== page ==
The EP opens with “Best Foot Forward,” a confident tune whose backbone is a repeating melodic phrase paired with a squirrelly, funky guitar sample. How you’ll feel about this track depends entirely on how you feel about these samples; they’re catchy and playful, but they wear their influences on their sleeve, as they seem plucked straight from a disco sample pack.

“Few & Far Between” is the EP’s standout. It’s structurally similar to “Best Foot Forward,” repeating sampled melodies with a bassline groove to drive it forward. But here, the looped samples (a layered melange of ethereal female vocals) feel much less overt and more cerebral, and the smart, tight bassline doesn’t get old. It’s properly hypnotic, and its 10-minute runtime passed by with barely any notice.

Lastly, “Good Things Are Gonna Come” centers on a vocal phrase, ceaselessly declaring its titular refrain. The vocal doubles as a unique percussive element, adding an additional rhythmic layer to the tune.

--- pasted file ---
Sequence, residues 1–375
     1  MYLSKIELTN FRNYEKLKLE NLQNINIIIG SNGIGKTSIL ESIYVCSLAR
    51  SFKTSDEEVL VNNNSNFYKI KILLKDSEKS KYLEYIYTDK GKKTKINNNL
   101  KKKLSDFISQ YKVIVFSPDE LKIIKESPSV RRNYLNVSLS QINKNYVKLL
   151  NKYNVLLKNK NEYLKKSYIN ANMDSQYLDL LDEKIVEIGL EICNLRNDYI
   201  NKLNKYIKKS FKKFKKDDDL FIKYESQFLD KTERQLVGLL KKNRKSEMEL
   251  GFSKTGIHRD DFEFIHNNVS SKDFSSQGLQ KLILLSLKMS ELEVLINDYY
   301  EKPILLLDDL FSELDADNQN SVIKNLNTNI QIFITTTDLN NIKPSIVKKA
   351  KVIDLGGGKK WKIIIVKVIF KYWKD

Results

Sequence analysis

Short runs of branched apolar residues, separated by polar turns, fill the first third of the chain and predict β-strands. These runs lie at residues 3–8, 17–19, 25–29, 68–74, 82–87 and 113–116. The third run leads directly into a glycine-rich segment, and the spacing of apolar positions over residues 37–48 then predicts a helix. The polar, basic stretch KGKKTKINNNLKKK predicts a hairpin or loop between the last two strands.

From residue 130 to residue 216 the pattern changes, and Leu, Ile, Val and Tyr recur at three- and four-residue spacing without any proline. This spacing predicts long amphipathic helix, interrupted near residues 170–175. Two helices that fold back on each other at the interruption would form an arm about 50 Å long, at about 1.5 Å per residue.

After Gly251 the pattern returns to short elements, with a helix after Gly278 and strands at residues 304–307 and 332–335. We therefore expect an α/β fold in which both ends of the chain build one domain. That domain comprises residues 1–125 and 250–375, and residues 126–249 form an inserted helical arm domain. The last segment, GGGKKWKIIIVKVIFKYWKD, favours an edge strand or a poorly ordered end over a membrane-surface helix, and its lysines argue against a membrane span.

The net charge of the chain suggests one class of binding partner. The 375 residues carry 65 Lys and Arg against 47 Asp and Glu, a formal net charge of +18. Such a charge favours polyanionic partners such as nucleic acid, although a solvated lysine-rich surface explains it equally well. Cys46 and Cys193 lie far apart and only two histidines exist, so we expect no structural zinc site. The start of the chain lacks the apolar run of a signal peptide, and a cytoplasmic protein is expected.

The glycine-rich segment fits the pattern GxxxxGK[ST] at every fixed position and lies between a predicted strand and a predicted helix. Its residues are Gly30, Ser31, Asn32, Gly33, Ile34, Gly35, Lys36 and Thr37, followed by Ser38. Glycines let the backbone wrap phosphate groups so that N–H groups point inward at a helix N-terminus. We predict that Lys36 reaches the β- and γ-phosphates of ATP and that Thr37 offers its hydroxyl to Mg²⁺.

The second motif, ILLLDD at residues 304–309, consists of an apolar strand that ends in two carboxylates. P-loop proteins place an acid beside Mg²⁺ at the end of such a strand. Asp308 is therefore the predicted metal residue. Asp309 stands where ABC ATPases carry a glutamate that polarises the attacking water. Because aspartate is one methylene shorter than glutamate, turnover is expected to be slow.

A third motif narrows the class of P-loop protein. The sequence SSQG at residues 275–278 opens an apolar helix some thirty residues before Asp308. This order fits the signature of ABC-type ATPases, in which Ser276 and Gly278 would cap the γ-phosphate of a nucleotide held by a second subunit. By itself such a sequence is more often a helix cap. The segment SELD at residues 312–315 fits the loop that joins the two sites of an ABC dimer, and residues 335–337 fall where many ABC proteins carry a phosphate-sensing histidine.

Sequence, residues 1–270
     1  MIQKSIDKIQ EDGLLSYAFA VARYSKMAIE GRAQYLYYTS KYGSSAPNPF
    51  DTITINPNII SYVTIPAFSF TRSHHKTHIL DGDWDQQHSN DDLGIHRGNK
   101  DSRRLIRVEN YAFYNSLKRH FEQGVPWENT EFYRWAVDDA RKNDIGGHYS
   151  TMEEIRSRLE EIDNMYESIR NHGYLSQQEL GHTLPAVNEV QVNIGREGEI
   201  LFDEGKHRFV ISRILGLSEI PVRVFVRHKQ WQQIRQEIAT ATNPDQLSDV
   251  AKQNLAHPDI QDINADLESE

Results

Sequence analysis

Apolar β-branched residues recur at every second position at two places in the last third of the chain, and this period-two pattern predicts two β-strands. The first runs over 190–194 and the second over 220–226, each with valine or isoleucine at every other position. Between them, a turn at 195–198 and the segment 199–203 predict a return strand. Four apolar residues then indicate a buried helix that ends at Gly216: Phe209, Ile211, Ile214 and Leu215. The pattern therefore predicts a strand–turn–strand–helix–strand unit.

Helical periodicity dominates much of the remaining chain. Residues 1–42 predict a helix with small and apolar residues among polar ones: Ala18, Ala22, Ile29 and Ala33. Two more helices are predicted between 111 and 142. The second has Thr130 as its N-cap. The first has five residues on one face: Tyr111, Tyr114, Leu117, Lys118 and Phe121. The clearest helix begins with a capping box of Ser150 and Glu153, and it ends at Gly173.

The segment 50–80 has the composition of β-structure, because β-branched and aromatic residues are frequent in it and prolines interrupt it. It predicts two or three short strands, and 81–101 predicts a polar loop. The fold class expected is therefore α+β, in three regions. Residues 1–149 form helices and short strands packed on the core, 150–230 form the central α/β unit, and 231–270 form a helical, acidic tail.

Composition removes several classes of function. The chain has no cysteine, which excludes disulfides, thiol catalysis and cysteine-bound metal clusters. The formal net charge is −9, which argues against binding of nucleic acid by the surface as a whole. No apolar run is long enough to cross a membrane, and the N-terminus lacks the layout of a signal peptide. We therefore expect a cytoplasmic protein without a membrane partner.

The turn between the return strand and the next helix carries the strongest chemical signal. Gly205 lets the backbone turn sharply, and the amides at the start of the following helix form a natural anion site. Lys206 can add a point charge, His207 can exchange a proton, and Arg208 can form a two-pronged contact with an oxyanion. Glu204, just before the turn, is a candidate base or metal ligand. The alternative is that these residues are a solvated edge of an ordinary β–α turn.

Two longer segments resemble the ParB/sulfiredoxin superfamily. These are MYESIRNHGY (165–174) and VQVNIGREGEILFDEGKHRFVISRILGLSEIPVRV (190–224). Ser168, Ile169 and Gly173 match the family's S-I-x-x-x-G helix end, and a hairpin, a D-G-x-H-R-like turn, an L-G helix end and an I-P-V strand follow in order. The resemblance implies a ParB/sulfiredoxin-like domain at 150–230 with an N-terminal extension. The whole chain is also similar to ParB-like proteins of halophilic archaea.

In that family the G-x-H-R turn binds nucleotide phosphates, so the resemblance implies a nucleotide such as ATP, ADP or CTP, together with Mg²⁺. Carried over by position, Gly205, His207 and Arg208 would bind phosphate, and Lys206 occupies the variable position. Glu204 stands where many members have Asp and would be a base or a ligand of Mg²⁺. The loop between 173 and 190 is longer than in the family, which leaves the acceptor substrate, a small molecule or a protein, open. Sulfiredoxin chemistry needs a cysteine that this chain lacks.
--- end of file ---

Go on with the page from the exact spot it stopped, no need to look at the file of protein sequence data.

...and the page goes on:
Building A Place Of Surrender by Roche; Mathematics Recordings

The first release from Roche, a local DJ and producer, came out in 2012. Called A Night At The Hac, it showcased his melodic, analog, hardware-driven take on house music. With each subsequent release, Roche’s sound palette drifted further toward the fringes, becoming steadily more psychedelic and tripped-out. Building A Place Of Surrender is his second release on Chicago’s Mathematics Recordings (owned and operated by cosmic acid house freak Hieroglyphic Being), and it’s his most out-there yet — to its benefit.

Each track on this EP features a notably different mood. “Lost For All I See” is a dub-techno bass-heavy jam with syncopated, off-kilter drums. It has got a dancefloor groove, but it’s an odd one — unsettled, uncertain techno.

The EP’s eponymous track is its most conventional, the most traditionally “Roche” track on the record, full of sweeping synthesizer melodies and a chugging bassline.

Things get weirder on the B-side. It opens with “Extending Peace Beyond The Stars,” a beautiful, soothing ambient journey. It’s a lovely, enjoyable diversion, but I wish it were longer — in less than five minutes, it’s over.

The EP closes with “Therapy 4 The Modern Mind,” a 12-minute steadily building jam with heavy, distorted kicks and an undulating melodic motif. Add sampled tribal percussion and you have Roche at his freest and wildest yet. It’s a trip.